The brachial plexus is the network of nerves that sends signals from the spinal cord to the shoulder, arm, and hand. What commonly happens is the patient has no idea they have a severe injury to the brachial plexus. They know their hand or arm is not working properly, but they often don’t know why, or that there may be a way to treat the problem. It’s important to consult with a trained and experienced orthopedics specialist right away. The place you’re going to get not just the most, but the best help is at Advanced Orthopedics in Denver, Parker, or Aurora, Colorado.

A brachial plexus injury occurs when the network of nerves mentioned above is stretched, compressed, or in the most serious cases, ripped apart or torn away from the spinal cord. It’s possible to injure the brachial plexus without knowing it, but the consequences can include temporary numbness of the arm, pain, and loss of sensation. Minor brachial plexus injuries, known as stingers or burners are common in contact sports such as football. Other conditions, such as inflammation or tumors may affect the brachial plexus. The most severe injuries usually result from automobile or motorcycle accidents.

The brachial plexus is formed as the nerves to the arm, hand, and fingers pass from the spinal cord, between the bones of the neck (vertebrae), and go into the arm. Along the side of the neck, near the shoulder, these nerves merge. From there, they branch out to form a “highway system,” or “plexus,” of nerves. This system of nerves then travels behind the collarbone (clavicle) and spreads out into the arm. The nerves that go to the shoulder lie higher in the neck than those that travel to the hand and fingers. Nerves that provide feeling to the hand and fingers lie lower in the neck and deep in the armpit. The five nerves are:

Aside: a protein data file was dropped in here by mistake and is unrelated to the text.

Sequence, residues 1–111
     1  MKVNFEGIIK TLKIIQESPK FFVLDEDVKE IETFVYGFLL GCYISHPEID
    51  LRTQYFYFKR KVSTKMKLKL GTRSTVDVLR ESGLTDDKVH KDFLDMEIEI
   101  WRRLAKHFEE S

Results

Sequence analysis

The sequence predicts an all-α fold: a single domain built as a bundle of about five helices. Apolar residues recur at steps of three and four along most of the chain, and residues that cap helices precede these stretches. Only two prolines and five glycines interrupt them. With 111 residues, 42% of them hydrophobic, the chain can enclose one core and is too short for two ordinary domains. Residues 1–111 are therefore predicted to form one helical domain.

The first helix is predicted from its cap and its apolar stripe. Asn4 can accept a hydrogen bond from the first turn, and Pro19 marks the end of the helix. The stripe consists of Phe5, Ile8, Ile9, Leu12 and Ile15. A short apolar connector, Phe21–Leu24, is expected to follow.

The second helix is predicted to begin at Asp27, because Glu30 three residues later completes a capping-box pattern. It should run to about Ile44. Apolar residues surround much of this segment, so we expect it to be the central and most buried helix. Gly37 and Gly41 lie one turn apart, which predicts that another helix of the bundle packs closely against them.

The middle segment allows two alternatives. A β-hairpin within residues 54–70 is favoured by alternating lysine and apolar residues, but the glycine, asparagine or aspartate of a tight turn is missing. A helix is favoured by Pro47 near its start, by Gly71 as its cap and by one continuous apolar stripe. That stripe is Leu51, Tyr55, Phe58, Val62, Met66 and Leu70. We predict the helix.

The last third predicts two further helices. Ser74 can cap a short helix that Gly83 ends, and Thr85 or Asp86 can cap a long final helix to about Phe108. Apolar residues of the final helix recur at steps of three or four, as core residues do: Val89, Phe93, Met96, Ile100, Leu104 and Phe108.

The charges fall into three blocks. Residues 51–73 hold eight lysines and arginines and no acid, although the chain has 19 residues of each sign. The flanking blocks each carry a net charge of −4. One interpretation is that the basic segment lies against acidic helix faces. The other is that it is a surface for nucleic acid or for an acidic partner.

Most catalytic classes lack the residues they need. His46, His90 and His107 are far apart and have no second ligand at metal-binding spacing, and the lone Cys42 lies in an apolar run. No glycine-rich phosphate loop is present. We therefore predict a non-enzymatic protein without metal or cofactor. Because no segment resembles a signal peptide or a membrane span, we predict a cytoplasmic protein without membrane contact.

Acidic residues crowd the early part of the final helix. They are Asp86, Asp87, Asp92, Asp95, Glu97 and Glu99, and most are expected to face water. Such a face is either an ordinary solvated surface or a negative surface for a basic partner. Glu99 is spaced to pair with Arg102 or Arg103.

• Musculocutaneous nerve– flexes muscles in the upper arm, at both the shoulder and elbow
  • Axillary nerve– helps the shoulder rotate and enables the arm to lift away from the body
  • Medial nerve– enables movement in the forearm and parts of the hand.
  • Radial nerve– controls various muscles in the upper arm, elbow, forearm, and hand
  • Ulnar nerve– allows for fine motor control of the finger

Brachial plexus injuries are categorized according to how the nerves are damaged and the severity of the injury